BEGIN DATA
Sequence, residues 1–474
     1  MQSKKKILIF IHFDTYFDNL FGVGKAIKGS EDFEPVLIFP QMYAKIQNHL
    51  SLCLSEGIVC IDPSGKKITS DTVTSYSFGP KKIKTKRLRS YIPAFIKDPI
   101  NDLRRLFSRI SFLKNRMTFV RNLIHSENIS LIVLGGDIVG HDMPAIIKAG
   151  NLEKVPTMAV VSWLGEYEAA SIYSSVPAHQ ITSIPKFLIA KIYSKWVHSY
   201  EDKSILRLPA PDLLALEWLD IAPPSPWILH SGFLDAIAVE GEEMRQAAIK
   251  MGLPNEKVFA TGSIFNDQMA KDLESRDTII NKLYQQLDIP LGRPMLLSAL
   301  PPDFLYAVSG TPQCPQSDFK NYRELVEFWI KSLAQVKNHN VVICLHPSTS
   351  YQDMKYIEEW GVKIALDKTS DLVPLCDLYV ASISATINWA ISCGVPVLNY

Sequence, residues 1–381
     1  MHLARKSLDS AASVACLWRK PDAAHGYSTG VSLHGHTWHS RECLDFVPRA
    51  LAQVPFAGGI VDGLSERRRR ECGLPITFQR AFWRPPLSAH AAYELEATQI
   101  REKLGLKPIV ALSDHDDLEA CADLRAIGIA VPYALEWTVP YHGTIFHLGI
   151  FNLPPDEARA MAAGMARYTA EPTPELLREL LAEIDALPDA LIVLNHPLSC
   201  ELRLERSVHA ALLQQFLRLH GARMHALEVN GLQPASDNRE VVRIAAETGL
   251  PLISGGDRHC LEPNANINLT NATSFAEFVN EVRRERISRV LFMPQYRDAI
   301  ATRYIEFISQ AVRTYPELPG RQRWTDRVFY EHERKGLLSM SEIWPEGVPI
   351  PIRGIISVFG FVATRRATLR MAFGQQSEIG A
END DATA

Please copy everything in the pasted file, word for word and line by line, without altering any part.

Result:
Sequence, residues 1–474
     1  MQSKKKILIF IHFDTYFDNL FGVGKAIKGS EDFEPVLIFP QMYAKIQNHL
    51  SLCLSEGIVC IDPSGKKITS DTVTSYSFGP KKIKTKRLRS YIPAFIKDPI
   101  NDLRRLFSRI SFLKNRMTFV RNLIHSENIS LIVLGGDIVG HDMPAIIKAG
   151  NLEKVPTMAV VSWLGEYEAA SIYSSVPAHQ ITSIPKFLIA KIYSKWVHSY
   201  EDKSILRLPA PDLLALEWLD IAPPSPWILH SGFLDAIAVE GEEMRQAAIK
   251  MGLPNEKVFA TGSIFNDQMA KDLESRDTII NKLYQQLDIP LGRPMLLSAL
   301  PPDFLYAVSG TPQCPQSDFK NYRELVEFWI KSLAQVKNHN VVICLHPSTS
   351  YQDMKYIEEW GVKIALDKTS DLVPLCDLYV ASISATINWA ISCGVPVLNY

Sequence, residues 1–381
     1  MHLARKSLDS AASVACLWRK PDAAHGYSTG VSLHGHTWHS RECLDFVPRA
    51  LAQVPFAGGI VDGLSERRRR ECGLPITFQR AFWRPPLSAH AAYELEATQI
   101  REKLGLKPIV ALSDHDDLEA CADLRAIGIA VPYALEWTVP YHGTIFHLGI
   151  FNLPPDEARA MAAGMARYTA EPTPELLREL LAEIDALPDA LIVLNHPLSC
   201  ELRLERSVHA ALLQQFLRLH GARMHALEVN GLQPASDNRE VVRIAAETGL
   251  PLISGGDRHC LEPNANINLT NATSFAEFVN EVRRERISRV LFMPQYRDAI
   301  ATRYIEFISQ AVRTYPELPG RQRWTDRVFY EHERKGLLSM SEIWPEGVPI
   351  PIRGIISVFG FVATRRATLR MAFGQQSEIG A